Victor Angry will be Prince William County’s first elected black supervisor after winning Tuesday’s special election to fill the Neabsco District supervisor’s seat left vacant with the death of John Jenkins.
Of the 1,722 votes cast, Angry, a Democrat, had 1,281 votes, or 74%. Republican Devinder Singh received 435 votes, or 25%, according to unofficial results Tuesday.
Angry, a retired National Guard command sergeant and Dale City volunteer firefighter, will begin his term later this month and serve until Dec. 31. He said he was exhausted, excited and humbled Tuesday night.
As supervisor, Angry said he wants to focus on building trust with the community and learning about issues that are important to Dale City.
“So I want to hit the ground running on small issues that I can really affect right now,” Angry said.
Angry said he still has two more races ahead of him this year; the Democratic primary on June 11 and if he wins that, the general election in November for Neabsco District Supervisor, which is a four-year term.
As the first African-American elected county supervisor, the Angry said he wants to be a role model for kids.
“I want to be visible and show that, get in the school system and talk to young adults about opportunities,” he said.
Angry also thanked Ernestine Jenkins, the widow of former Supervisor John Jenkins, for her support during the campaign. Angry said he wants to continue John Jenkins’ legacy.
The county held a special election to fill Jenkins’ remaining term after he died Feb. 6 at the age of 79.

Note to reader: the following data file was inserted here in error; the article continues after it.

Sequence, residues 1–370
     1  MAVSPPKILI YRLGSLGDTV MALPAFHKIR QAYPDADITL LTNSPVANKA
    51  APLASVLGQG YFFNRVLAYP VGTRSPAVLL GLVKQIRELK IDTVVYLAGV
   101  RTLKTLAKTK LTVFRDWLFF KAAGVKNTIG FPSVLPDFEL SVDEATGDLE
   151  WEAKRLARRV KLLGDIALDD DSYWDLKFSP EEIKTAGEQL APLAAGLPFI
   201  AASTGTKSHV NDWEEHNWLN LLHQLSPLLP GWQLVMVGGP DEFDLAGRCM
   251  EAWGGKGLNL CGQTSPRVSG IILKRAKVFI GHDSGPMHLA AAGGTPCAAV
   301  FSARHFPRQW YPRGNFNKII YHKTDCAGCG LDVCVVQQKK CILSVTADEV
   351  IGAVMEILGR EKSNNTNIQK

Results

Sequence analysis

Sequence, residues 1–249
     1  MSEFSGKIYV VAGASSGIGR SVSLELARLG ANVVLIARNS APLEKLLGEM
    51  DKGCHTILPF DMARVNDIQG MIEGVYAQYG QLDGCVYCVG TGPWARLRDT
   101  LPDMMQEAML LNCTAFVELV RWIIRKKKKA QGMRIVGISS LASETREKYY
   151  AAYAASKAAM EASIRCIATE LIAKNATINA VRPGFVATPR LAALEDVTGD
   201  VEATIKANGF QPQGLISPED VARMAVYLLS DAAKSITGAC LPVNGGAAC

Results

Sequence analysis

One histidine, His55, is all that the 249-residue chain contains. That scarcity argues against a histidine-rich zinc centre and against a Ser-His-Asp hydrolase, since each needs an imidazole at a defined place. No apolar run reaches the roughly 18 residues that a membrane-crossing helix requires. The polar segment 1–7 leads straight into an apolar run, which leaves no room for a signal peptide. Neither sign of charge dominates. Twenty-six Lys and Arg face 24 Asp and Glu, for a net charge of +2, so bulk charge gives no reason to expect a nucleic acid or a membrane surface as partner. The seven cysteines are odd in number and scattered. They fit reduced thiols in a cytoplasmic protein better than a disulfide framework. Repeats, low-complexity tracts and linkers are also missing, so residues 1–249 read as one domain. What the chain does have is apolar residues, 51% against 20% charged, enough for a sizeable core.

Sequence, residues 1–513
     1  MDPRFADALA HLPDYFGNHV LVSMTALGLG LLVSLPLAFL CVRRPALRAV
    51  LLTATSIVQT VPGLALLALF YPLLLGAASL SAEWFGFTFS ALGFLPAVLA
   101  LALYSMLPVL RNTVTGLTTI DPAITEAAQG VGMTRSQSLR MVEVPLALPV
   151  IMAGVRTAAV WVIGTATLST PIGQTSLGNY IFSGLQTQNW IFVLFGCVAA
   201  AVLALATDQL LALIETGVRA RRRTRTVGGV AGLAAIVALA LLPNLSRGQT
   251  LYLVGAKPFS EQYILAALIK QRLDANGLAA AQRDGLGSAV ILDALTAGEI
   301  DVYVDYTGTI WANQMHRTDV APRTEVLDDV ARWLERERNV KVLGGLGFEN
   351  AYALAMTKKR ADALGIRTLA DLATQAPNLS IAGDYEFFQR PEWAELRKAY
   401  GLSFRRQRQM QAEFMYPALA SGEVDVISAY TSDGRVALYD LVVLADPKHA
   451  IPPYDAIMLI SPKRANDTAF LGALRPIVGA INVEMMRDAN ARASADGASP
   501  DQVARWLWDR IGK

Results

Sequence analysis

The Neabsco District supervisor since 1982, Jenkins was the longest-serving supervisor in the county’s history and decorated veteran. The Prince William County School Board voted last month to name an elementary school after Jenkins. The school is set to open in August. It is being built at 4060 Prince William Parkway near the Chinn Park Regional Library.
Neither Angry nor Singh had previously run for public office before vying for Jenkins’ seat.
Singh said he was happy both he and Angry stayed positive during the campaign. He said he hopes to run again for the four-year term for Neabsco District supervisor this November, but he is still undecided.
“Thank you to all the voters, all the voters who came to vote, doesn’t matter for which candidate,” Singh said.
Neabsco District voter Joe Fiorello said he cast his ballot for Angry as Democrat, but also because Angry knocked on his door and invited him to a meet-and-greet where Fiorello was able to learn more about the candidate.
“He seemed enthusiastic,” Fiorello said.
Neabsco District voter Zainab Syed said as a graduate of Prince William County schools, she voted for Angry because she liked his message about improving the school division. Syed said Jenkins was her supervisor while she was in school, so she wanted to support another Democrat to keep that consistent leadership.
“I had a good experience [in the school division], but it could always be better,” Syed said, noting it’s important to vote. “It’s a good practice in exercising democracy and your right to vote.”
Source: Emily Sides | InsideNoVA
According to the Virginia Department of Elections, 1,241 people voted during the special election for Neabsco District Supervisor. That means about 3.7 percent of eligible voters cast a ballot during the special election.
More than 33,489 residents were registered to vote in the special election for Neabsco District Supervisor, said Matthew Wilson, senior assistant deputy registrar with the Prince William County Office of Elections.